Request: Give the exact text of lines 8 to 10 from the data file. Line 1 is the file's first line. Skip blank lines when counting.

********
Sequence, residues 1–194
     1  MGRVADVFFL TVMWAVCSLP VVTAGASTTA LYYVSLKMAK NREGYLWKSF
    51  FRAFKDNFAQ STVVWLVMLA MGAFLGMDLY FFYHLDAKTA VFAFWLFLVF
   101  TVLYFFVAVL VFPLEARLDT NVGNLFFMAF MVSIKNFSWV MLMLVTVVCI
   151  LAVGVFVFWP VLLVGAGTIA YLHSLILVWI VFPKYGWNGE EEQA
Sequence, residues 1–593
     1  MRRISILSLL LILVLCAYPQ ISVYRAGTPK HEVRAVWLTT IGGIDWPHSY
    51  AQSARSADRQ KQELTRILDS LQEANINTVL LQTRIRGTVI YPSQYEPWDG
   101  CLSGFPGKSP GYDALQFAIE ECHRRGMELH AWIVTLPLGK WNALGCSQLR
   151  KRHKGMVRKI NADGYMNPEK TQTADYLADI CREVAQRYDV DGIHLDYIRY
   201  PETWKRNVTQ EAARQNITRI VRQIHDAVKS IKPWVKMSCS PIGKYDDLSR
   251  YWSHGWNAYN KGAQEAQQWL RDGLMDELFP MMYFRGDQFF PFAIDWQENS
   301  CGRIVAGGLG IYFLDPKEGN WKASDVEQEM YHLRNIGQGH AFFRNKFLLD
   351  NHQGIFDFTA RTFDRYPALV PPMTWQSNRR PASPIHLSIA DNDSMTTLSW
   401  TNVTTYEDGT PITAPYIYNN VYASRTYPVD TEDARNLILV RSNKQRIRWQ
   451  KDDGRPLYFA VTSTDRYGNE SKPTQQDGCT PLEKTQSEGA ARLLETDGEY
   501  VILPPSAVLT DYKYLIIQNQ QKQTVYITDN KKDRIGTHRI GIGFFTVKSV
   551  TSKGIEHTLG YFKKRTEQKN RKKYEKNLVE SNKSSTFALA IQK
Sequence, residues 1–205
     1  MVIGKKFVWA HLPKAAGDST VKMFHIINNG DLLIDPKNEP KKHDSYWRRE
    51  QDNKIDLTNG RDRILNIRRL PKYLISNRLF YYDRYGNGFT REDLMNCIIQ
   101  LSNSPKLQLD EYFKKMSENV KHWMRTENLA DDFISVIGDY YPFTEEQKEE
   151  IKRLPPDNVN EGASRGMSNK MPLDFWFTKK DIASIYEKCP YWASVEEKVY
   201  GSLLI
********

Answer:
    51  AQSARSADRQ KQELTRILDS LQEANINTVL LQTRIRGTVI YPSQYEPWDG
   101  CLSGFPGKSP GYDALQFAIE ECHRRGMELH AWIVTLPLGK WNALGCSQLR
   151  KRHKGMVRKI NADGYMNPEK TQTADYLADI CREVAQRYDV DGIHLDYIRY